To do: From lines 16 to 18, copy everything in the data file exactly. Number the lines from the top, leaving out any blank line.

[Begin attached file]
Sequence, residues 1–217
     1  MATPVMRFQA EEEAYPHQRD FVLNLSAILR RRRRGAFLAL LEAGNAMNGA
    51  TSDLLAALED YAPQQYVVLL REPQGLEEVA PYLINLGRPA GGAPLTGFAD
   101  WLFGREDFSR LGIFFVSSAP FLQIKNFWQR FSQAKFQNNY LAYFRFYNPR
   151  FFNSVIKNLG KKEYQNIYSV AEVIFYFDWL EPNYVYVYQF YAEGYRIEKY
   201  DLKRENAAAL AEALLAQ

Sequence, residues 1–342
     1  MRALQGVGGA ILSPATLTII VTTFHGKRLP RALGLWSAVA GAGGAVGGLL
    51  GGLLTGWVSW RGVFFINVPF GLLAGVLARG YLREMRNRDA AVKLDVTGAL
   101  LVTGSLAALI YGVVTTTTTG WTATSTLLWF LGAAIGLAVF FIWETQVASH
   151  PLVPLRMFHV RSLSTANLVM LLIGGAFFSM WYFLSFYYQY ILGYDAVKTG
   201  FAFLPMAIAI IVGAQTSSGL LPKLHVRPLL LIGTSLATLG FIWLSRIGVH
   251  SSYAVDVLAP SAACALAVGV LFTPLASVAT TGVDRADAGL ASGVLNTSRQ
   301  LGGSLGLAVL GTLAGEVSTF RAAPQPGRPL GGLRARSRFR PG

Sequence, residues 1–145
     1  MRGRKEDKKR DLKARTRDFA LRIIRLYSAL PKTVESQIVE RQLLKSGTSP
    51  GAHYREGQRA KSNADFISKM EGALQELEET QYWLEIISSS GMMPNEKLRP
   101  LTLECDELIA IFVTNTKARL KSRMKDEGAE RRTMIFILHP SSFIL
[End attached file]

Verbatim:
     1  MRGRKEDKKR DLKARTRDFA LRIIRLYSAL PKTVESQIVE RQLLKSGTSP
    51  GAHYREGQRA KSNADFISKM EGALQELEET QYWLEIISSS GMMPNEKLRP
   101  LTLECDELIA IFVTNTKARL KSRMKDEGAE RRTMIFILHP SSFIL